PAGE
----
25. spcookiequeen says

    I like your picture you've painted here! Beautiful braid and I'm sure the flavor was fabulous. I say if the kids like it, it's a winner!

  26. Purabi Naha says

    This braid is wonderful! But, where do we get erythritol from? I haven't see this in Hong Kong supermarkets. Can I substitute with something else? Looks yummy!

  27. Adora's Box says

    Carolyn, I know what you mean when you talk about the big picture and the small picture. Never mind. The pictures you've shown here are so perfect. Lovely, braided bread.

  28. sara @ CaffeIna says

    When it comes to baking, I look at the big picture too. Maybe it's because I am really not good at decorating and making the details perfect hehe. But this braid seems perfect for me both at big and small picture.
    Congratulations on the top 9!!!

  29. Lisa says

    Is Carbquik the same as carbalose flour? I was going to purchase to make THIS recipe! :)
    I just wanted to make sure. Thank you again for your wonderful recipes..

  30. Carolyn says

    Hi Lisa,
    I hope you see this, because I can't seem to comment on your blog. Tried the other day on your coconut mini-muffins, but Blogger is weird these days and isn't allowing me to log in to comment, and your blog doesn't allow for anonymous commenters.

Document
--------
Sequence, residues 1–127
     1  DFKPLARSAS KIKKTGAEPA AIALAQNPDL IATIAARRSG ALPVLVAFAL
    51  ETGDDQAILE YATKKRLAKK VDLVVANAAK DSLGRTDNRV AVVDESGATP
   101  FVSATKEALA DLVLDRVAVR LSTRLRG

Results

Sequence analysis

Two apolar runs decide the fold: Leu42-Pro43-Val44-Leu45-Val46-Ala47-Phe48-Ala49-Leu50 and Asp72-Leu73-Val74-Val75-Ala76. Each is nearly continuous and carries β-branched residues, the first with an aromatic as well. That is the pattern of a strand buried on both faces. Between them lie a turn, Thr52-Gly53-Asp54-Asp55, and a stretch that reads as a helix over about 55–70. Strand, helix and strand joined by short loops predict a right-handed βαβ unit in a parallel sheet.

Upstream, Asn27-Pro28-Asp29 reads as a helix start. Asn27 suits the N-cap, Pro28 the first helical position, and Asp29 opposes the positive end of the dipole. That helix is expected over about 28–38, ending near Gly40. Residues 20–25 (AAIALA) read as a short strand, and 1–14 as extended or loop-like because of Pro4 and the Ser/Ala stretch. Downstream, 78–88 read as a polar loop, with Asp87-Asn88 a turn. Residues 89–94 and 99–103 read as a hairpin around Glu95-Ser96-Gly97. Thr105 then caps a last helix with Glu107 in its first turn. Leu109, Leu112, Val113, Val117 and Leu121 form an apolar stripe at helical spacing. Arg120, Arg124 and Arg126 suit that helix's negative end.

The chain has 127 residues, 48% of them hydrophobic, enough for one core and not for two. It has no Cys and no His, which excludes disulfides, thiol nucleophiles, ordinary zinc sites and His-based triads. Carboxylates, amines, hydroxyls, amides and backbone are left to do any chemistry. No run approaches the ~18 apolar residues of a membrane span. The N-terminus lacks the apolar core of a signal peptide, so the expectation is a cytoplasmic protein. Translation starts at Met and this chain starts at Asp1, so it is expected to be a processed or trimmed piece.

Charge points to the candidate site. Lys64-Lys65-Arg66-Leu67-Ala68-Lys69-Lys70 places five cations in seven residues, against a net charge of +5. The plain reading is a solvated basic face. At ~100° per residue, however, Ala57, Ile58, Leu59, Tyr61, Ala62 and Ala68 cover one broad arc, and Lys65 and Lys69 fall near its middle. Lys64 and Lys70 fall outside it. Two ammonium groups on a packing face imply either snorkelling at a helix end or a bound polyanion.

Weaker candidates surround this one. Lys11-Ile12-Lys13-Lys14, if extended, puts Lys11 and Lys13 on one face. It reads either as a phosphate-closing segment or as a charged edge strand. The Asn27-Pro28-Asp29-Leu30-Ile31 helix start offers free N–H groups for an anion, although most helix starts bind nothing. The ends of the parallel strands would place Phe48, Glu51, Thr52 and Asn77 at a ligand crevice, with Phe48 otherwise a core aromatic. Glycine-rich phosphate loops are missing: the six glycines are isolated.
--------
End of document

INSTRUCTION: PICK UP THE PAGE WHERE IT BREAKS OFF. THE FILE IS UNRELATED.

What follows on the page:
Carbalose and carbquick are not the same and are definitely not interchangeable. Carbquick is like a low carb version of Bisquick and has leaveners such as baking powder in it already, along with some added shortening. Carbalose is just the basic flour. They are made by the same company, and I think carbalose is the flour base behind carbquick. You don't want to use carbquick in this because of the added ingredients.
    I buy carbalose at

  31. Lisa says

    Thanks Carolyn! I changed the settings on mine (still new at this!) to allow anyone to post.

    And thank you for info on Carbolose vs. Carbquik – I could not really get an answer from their site. I live near Netrition and am ready to place an order to be picked up!

  32. Elle says

    Wow, I'm glad that you took the chances you did when making this bread–it totally paid off! How beautiful. I can almost taste it!

  33. Nami @ Just One Cookbook says

    Hi Carolyn! Your braid looks beautiful and delicious! I tend to worry and focus on details and forget about big picture. I feel I would be so much happier thinking of big pictures instead of caring small things that people may not care about. Enjoyed your little story all the time and got me thinking!

  34. Cookin' Canuck says

    There's something to be said for looking at the big picture when it results in a bread like this.